Cairo — An Egyptian judge confirmed the death sentences of the leader of the Muslim Brotherhood and nearly 200 supporters on Saturday, in a trial of Islamists who held power in Egypt for a year, but were overthrown last July.
Mohamed Badie and 182 other defendants were sentenced to death for the slaying of a policeman, disturbing public order, burning and storming a police station, and attacking public installations, according to defense lawyer Khalid al Commey. The violence erupted following the ousting of the Brotherhood's President Mohamed Mursi.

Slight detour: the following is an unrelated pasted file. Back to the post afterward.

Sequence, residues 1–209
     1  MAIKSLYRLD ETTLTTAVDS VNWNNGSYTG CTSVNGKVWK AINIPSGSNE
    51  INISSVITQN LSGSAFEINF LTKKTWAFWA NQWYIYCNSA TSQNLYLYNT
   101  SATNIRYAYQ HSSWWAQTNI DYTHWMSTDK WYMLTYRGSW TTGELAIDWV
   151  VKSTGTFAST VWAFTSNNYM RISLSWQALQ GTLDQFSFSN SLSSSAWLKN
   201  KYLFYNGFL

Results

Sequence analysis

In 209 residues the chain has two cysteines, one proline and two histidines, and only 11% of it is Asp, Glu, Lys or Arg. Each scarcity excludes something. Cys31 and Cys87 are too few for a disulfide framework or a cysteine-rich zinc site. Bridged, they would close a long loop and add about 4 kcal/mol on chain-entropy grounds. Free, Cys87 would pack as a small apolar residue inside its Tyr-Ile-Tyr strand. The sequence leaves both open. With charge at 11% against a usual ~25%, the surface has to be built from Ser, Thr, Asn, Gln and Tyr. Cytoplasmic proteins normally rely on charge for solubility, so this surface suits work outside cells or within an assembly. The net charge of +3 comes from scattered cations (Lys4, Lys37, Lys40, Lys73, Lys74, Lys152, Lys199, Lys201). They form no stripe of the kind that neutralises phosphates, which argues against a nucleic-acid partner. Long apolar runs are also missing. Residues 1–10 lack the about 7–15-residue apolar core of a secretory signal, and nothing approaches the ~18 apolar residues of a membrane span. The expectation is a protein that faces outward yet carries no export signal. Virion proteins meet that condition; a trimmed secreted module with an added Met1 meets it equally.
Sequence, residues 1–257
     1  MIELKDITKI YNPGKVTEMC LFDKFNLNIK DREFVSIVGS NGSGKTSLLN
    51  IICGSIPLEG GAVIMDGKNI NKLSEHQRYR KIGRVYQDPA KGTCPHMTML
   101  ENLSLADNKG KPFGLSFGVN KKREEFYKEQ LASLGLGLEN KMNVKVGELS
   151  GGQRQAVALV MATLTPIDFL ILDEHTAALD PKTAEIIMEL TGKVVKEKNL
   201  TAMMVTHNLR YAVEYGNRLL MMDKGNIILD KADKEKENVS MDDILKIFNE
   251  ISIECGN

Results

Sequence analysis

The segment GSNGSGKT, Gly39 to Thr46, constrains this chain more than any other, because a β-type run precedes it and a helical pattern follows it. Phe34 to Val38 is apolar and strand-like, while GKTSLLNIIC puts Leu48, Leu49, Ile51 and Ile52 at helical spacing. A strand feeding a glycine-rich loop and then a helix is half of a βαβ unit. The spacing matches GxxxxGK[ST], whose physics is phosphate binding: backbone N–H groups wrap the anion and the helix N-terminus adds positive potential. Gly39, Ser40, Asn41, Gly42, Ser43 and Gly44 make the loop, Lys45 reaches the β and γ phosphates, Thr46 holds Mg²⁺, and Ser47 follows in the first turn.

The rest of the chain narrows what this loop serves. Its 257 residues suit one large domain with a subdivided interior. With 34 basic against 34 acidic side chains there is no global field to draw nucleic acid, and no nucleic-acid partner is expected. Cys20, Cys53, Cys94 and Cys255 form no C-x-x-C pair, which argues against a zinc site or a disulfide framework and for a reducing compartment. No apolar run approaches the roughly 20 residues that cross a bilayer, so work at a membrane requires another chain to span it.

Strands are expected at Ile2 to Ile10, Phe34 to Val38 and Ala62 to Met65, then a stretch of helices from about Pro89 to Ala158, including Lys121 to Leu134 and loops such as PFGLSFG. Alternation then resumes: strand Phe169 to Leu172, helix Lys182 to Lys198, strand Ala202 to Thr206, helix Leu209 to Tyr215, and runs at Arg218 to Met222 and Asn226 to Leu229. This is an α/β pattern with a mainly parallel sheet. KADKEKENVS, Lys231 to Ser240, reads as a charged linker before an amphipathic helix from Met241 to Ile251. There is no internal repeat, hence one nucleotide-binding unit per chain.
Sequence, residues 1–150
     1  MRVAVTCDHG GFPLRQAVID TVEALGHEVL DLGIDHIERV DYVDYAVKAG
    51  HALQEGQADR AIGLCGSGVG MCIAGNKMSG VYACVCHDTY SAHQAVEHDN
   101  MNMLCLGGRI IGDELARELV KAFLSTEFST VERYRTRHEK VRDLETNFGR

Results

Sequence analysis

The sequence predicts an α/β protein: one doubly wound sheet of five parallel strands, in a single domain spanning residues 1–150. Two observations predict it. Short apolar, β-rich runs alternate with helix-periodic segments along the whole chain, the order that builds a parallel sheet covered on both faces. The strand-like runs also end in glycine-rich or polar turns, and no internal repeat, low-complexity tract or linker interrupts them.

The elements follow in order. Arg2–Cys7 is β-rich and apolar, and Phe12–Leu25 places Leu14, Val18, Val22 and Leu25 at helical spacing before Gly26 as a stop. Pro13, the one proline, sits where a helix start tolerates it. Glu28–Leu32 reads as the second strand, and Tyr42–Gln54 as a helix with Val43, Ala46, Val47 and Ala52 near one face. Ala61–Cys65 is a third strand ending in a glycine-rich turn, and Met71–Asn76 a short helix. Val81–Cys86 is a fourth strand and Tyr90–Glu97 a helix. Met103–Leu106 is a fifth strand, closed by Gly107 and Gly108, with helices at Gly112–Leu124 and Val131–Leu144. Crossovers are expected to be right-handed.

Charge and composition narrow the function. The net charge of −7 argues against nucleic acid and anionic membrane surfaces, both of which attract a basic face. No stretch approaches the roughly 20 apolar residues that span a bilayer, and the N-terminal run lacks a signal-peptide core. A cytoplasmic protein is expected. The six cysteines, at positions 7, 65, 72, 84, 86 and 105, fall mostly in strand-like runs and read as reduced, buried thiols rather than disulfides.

The country's new president, Abdel Fattah al-Sisi, has been harsh on the former regime. The trial against 682 defendants was referred two months before the decision was handed down.
The court withdrew the death penalty for 496 of those who were charged and ordered life imprisonment for four others, including two women, al Commey said.
The preliminary sentences triggered an outcry from Western government and human rights groups.
Amnesty International said the rulings “expose how arbitrary and selective Egypt’s criminal justice system has become. The court has displayed a complete contempt for the most basic principles of a fair trial and has utterly destroyed its credibility.”
The verdicts can be appealed before a higher court within 60 days.
— Charlene Gubash, with NBC News' Elisha Fieldstadt in New York
First published June 21 2014, 3:40 AM